She turned, trying to figure out where to go, what to do. Light caught her engagement ring and made it sparkle. She’d been such a fool, she thought bitterly. So stupidly innocent and naive about everything. Her mother had been right—why on earth would a man like As’ad be interested in a country mouse like herself? She’d wrapped herself in the fantasy because it was what she wanted to believe. Because it was easier than accepting the truth.
She heard a sound and looked up. One of the doves shifted in its cage. Willingly trapped because they either didn’t understand they could be free or weren’t interested. They took the easy way out, too.
Anger joined a sadness so profound, she knew it would scar her forever. Because whatever mistakes she’d made, she truly did love As’ad. She always would. But she didn’t belong here. She couldn’t stay and marry a man who didn’t love her.
That decided, she made her way into the palace. Her mother’s door stood partially open. Kayleen stepped inside without knocking to find her mother supervising two maids who were packing her suitcases. Darlene had already changed out of her evening gown into an elegant pantsuit. When she saw her daughter, she smiled.
“Oh, good. You stopped by. That saves me writing a note. Look, I’m leaving—just like you said I should. I’ve had a great time. I’m sorry we didn’t get a chance to get to know each other better. Next time you’re back in the States, you’ll need to look me up.”
Everything about her was false, Kayleen thought emotionlessly. From her bleached hair to her fake smiles.
“You’re leaving because As’ad is paying you four million dollars,” Kayleen told her. “I heard the conversation.”
“Then you know I got what I came for. A secure future. It’s not a fortune, but I know how to invest. I’ll live well enough and maybe find someone to supplement my excesses. It doesn’t compare with your haul, of course, but we can’t all be that lucky.”
Lucky. Right. To fall in love with a man who didn’t care about her.
“When do you leave?” Kayleen asked.
“There’s a plane waiting at the airport. I love the truly rich.” Darlene frowned. “You’re not going to want an emotional goodbye, are you?”
“No. I don’t want anything from you.”
With that, she left and returned to her own suite. The babysitter greeted her.
“They were all so good tonight,” the young woman said.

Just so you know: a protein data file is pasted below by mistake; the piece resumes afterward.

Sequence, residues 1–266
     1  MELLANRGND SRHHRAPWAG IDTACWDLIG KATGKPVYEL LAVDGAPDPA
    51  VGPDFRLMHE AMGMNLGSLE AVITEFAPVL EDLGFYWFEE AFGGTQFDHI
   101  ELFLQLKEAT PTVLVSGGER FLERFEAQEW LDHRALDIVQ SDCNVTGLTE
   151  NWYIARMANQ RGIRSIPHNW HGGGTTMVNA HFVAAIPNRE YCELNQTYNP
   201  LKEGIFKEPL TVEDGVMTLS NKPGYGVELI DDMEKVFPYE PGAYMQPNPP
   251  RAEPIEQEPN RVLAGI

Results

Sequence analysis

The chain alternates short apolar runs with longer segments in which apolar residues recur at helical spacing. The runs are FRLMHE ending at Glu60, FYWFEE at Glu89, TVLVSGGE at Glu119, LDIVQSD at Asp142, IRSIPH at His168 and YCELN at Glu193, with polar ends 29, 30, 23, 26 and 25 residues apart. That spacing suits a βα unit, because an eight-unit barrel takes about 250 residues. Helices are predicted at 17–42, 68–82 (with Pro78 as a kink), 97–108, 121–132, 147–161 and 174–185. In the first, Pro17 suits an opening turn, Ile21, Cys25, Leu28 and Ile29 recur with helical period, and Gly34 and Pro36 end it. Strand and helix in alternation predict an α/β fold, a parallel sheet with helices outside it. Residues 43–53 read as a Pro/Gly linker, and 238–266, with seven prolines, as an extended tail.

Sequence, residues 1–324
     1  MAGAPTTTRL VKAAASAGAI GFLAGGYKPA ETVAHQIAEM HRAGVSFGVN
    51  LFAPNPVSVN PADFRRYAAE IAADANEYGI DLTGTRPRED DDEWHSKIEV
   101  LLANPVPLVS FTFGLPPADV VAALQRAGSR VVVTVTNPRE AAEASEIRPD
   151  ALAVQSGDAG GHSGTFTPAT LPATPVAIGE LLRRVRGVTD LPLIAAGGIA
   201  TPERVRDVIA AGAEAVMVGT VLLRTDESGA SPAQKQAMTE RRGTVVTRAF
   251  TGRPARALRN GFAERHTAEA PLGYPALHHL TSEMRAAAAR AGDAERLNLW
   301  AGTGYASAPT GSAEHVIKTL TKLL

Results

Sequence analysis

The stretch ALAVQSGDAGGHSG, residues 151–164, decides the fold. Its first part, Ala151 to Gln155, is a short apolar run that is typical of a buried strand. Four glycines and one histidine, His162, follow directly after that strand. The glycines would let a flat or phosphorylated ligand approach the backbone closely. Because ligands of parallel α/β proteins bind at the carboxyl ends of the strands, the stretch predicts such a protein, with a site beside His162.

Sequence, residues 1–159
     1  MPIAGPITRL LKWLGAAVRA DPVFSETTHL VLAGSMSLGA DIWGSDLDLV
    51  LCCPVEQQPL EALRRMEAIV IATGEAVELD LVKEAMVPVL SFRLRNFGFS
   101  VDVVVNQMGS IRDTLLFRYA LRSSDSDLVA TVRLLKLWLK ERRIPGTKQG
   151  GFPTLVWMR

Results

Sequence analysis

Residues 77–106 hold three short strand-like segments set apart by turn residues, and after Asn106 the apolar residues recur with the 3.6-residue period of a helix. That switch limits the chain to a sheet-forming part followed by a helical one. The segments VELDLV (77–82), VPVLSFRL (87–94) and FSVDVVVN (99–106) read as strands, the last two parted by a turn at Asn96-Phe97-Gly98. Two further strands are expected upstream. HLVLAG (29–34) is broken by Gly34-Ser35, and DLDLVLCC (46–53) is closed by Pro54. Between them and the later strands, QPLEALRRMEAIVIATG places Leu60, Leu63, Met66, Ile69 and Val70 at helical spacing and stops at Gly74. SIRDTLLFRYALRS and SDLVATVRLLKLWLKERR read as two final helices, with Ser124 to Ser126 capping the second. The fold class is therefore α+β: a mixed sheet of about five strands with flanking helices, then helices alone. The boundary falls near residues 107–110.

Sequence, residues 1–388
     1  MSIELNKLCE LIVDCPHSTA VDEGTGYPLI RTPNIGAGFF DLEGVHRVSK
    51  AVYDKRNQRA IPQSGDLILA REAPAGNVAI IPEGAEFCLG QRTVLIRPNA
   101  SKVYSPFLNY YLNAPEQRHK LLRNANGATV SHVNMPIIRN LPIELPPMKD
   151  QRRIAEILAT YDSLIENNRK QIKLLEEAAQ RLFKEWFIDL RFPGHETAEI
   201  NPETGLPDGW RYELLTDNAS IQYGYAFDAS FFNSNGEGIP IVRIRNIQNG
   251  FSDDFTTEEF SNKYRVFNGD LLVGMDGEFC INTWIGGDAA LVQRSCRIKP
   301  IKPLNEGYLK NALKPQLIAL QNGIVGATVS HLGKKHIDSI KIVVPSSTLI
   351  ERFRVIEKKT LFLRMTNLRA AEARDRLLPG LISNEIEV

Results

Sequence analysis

“I’m glad. Thank you.”
The other woman left and Kayleen was alone.
Despite the pain, she felt almost at peace. Maybe it was finally seeing the world as it was, and not as she wanted it to be. Maybe it was knowing the truth.
The truth was she would never have the kind of relationship with her biological family that she wanted. She could keep trying and maybe in time, things would improve, but there was no rescue there. There was no happy ending.
The same was true with As’ad. He’d proposed out of duty and maybe with the belief that she would be a good wife. He’d told her he didn’t believe in love and she hadn’t listened. She’d created a different story because it was what she wanted to believe.
But he didn’t love her and he had no intention of loving her. So her choices were clear. She could stay and marry him, live life as a princess, or she could walk away. Darlene would tell her the money, the prestige, the palace, were worth nearly everything. But Kayleen remembered reading once that when a woman marries for money, she earns every penny.
She didn’t want to marry for money—she wanted to marry for love. She wasn’t like the doves—trapped even though the door was open, she was free to leave.
After looking in on the girls, she returned to her own room. She undressed and pulled on a robe, then sat in a chair by the French doors and stared out at the night.
The only part of leaving that bothered her was knowing how much she would miss As’ad. Despite everything, she loved him. Would she ever be able to love anyone else?
Because that’s what she wanted. A real life, with a family and a man who cared. She wasn’t going to run back to the convent school. She was going to make her way in the world. She was strong—she could do it.
As’ad found Kayleen in her suite. She’d changed out of her ball gown and pulled on a robe. She sat in the living room, a pad of paper on her lap.
He walked in and stared at her. “You left the party. I looked everywhere and you were gone.”
She glanced up at him. “I didn’t want to stay any longer.”
That didn’t sound right, he thought warily. She’d left without talking to him? “Are you ill?”